18. Foreman, K. (1999) ‘Evolving Global Structures and the Challenges Facing International Relief and Development Organisations’, Non-Profit and Voluntary Sector Quarterly, 28(1), pp. 178–97, DOI: 10.1177/089976499773746519CrossRefGoogle Scholar
  19. GCAP (Global Call to Action against Poverty) (2011a) GCAP Supporting Organizations, (accessed on 27 September 2011).Google Scholar
  20. GCAP (2011b) Global Secretariat, (accessed on 19 October 2011).Google Scholar
  21. GRI (Global Reporting Initiative) (2010) Yearin Review 2009/10 (Amsterdam: GRI).Google Scholar
  22. Harper, C. (2001) ‘Do the Facts Matter? NGOs, Research, and International Advocacy’, in Edwards, M. and J. Gaventa (eds.) Global Citizen Action (Boulder, CO: Lynne Rienner Publishers).Google Scholar
  23. International NGO Charter of Accountability (2011a) Charter Background, (accessed on 29 September 2011).Google Scholar
  24. International NGO Charter of Accountability (2011b) The Five Years Strategy, (accessed on 29 September 2011).Google Scholar
  25. James, R. (1998) Demystifying Organisation Development: Practical Capacity-Building Experiences of African NGOs (Oxford: INTRAC).Google Scholar
  26. Judge, A. (1978) ‘International Institutions: Diversity, Borderline Cases, Functional Substitutes and Possible Alternatives’, in Taylor, P. and A.J.R. Groom (eds) International Organization: A Conceptual Approach (London: Frances Pinter).Google Scholar
  27. Koch, D.J. (2008) A Paris Declaration for International NGOs? (Paris: OECD Development Centre).CrossRefGoogle Scholar
  28. Lewis, D. and N. Kanji (2009) Non-Governmental Organizations and Development (London: Routledge).Google Scholar
  29. Lindenberg, M. and C. Bryant (2001) Going Global: Transforming Relief and Development NGOs (Bloomfield, CT: Kumarian Press).Google Scholar
  30. Michael, S. (2004) Undermining Development: The Absence of Power among Local NGOs in Africa (Bloomington, IN: Indiana University Press).Google Scholar
  31. Nelson, P.J. and E. Dorsey (2008) New Rights Advocacy: Changing Strategies of Development and Human Rights NGOs (Washington, DC: Georgetown University Press).Google Scholar
  32. OECD (Organisation for Economic Cooperation and Development) (2011) OECD Stats Extracts, (accessed on 13 September 2011).Google Scholar
  33. Oxfam Great Britain (2007) Accountability Report 06/07 (Oxford: Oxfam Great Britain).Google Scholar
  34. Oxfam International (1996) Oxfam International’s Mission Statement, (accessed on 7 April 2010).Google Scholar
  35. Peña, A.M. (2011) ISO and Social Standardisation: Uncomfortable Compromises in Global Policy-Making, Working Paper CUTP/009A (London: City University of London), (accessed on 20 October 2011).Google Scholar
  36. Publish What You Pay (2011) Members of Publish What You Pay, 21/03/2011, (accessed on 19 October 2011).Google Scholar
  37. Riddell, R.C. (2007) Does Foreign Aid Really Work? (Oxford: Oxford University Press).Google Scholar
  38. Roy, A. (2004) Public Power in the Age of Empire (New York: Seven Stories).Google Scholar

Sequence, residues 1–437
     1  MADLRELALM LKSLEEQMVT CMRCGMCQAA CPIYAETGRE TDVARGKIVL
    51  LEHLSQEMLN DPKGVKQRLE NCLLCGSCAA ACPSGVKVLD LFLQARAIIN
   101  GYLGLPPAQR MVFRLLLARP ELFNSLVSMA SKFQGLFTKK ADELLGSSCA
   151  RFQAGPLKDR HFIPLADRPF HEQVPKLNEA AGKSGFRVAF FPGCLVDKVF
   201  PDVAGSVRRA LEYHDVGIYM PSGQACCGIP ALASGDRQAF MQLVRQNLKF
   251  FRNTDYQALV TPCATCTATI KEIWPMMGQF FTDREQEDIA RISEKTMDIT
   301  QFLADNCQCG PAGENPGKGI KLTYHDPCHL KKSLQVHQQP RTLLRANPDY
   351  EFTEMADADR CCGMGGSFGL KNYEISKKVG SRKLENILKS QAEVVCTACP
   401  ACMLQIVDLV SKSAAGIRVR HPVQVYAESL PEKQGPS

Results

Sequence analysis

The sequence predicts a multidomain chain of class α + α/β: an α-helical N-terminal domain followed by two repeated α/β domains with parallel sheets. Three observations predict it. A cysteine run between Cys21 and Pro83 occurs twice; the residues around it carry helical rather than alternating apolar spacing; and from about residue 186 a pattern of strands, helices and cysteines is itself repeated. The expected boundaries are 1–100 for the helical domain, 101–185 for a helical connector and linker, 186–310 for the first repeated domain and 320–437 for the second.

39. Scholte, J.A. (2011) ‘Civil Society and IMF Accountability’, in Scholte, J.A. (ed.) Building Global Democracy? Civil Society and Accountable Global Governance (Cambridge: Cambridge University Press).CrossRefGoogle Scholar
  40. SID (Society for International Development) (2010) History, (accessed on 27 September 2011).Google Scholar
  41. Smith, B. (1990) More than Altruism: The Politics of Private Foreign Aid (Princeton, NJ: Princeton University Press).CrossRefGoogle Scholar
  42. Spiro, P.J. (1995) ‘New Global Communities: Nongovernmental Organizations in International Decision Making Institutions’, Washington Quarterly, 18(1), pp. 45–56.CrossRefGoogle Scholar
  43. Sprechmann, S. and E. Pelton (2001) Advocacy Tools and Guidelines: Promoting Policy Change (Atlanta, GA: Cooperative for Assistance and Relief Everywhere).Google Scholar
  44. UTA (Union of International Associations) (2010) Yearbook of International Organizations, 2010–2011 (Berlin: de Gruyter).Google Scholar
  45. UN (United Nations) (2002) Report of the World Summit on Sustainable Development, Johannesburg, South Africa, 26 August–4 September 2002, A/CONF.199/20 (New York: United Nations).Google Scholar
  46. Walker, P. and D. Maxwell (2009) Shaping the Humanitarian World (London: Routledge).Google Scholar
  47. WBCSD (World Business Council for Sustainable Development) (2011) What Is the WBCSD’s Mission?, (accessed on 20 October 2011).Google Scholar
  48. WEF (World Economic Forum) (2011) Global Education Initiative, (accessed on 29 September 2011).Google Scholar
  49. Willetts, P. (2011) Non-Governmental Organizations in World Politics: The Construction of Global Governance (London: Routledge).Google Scholar
  50. Zimmern, A. (1930) ‘Democracy and the Expert’, The Political Quarterly, 1(1), pp. 7–25, DOI: 10.1111/j.1467–923X.1930.tb01466.xCrossRefGoogle Scholar

Copyright information

© Graduate Institute of International and Development Studies 2012

Authors and Affiliations

There are no affiliations available

Personalised recommendations